Friday, May 13, 2011
Thought I would start to add in the marine life info posts I do for my volunteers. This week it is about a type of plankton.
Students are often startled when I tell them that the animal they are looking at in their samples is Lucifer. Well to be more specific, it is just a planktonic shrimp in the genus Lucifer. But yes, this is a very grandiose name for a creature less than an inch long.
Students can only get a bit of the shrimp into view at a time. Usually they get a couple of the wildly kicking legs which are wrecking havoc with the rest of their sample. I help them follow the body up to the stalked and impressive eyes to make it more recognizable.
Shrimps of the genus Lucifer are characteristic of warm tropical ocean waters. They are one of the very few decapod (10 legged) crustaceans that are permanent members of the planktonic community. They do not settle out to become larger bottom dwelling shrimps or crabs - our more common "decapods" (Note - the 10 legs include the claws - take a count next time you get crab at a restaurant to make sure you were not cheated).
Lucifer spp. are predators and possibly omnivores eating other plankton they encounter. Like most plankton, they are relatively short lived, probably 30 - 40 days.
The name for the group comes from a description of "luminous" (bioluminescent) plankton by one J.V.Thompson in the year 1829. As noted in the ever popular World Register of Marine Species (that would be WoRMS), the original reference was: "Thompson, J.V. 1829. Zoological researches, and illustrations; or, natural history of nondescript or imperfectly known animals, in a series of memoirs, illustrated by numerous figures. Memoir 3. On the luminosity of the Ocean, with descriptions of some remarkable species of luminous animals (Pyrosoma pygmaea and Sapphirina indicator) and particularly of the four new genera, Noctiluca, Cynthia, Lucifer and Podopsis, of the Shizopodae. Pages 37-66, plates 5-8. Cork: J. Hennessy, French Church Street Press."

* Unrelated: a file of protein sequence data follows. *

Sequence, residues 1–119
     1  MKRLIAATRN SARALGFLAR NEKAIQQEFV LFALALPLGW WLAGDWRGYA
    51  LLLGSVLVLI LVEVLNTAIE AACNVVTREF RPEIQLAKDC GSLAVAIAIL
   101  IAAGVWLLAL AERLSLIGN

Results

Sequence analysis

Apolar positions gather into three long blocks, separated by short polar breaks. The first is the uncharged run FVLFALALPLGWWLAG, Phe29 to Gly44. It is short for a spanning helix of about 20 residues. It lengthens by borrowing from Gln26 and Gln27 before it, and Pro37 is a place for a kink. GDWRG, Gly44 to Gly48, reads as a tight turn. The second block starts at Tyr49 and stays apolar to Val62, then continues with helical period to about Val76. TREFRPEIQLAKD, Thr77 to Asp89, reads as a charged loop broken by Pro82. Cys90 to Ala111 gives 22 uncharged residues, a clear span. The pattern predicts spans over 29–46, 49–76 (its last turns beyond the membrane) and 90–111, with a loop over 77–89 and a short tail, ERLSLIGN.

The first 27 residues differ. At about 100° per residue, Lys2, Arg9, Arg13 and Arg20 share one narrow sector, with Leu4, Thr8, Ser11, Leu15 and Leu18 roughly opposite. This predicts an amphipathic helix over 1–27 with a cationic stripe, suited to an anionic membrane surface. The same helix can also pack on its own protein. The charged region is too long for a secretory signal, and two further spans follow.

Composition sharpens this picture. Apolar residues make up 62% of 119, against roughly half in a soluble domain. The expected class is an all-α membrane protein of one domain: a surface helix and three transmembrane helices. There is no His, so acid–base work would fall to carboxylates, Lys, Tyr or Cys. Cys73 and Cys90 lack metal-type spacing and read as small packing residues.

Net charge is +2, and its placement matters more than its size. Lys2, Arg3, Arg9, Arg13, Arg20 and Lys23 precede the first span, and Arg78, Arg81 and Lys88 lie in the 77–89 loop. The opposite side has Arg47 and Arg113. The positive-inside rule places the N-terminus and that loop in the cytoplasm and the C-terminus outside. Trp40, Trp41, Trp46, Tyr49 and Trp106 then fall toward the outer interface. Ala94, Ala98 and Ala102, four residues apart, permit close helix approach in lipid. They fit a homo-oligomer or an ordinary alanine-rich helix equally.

In this case, the term lucifer does not refer to Satan, but more directly to the Latin translation of the the word which means "light-bearer," the name given to the morning star, Venus. Attachment of the term to Satan is misplaced, but I leave that to the biblical scholars among my readers. In any case, it is always a great find in our plankton samples.
Hawaii Institute of Marine Biology
For more nice images of a Lucifer species off Australia, check out the Guide to the Marine Zooplankton of south eastern Australia. This is where the above image came from.
Growth, reproduction and feeding behavior of the planktonic shrimp, Lucifer faxoni Borradaile, off the Texas coast. Wen Y. Lee1, Makoto Omori2 and Robert W. Peck. Journal of Plankton Research. 1991.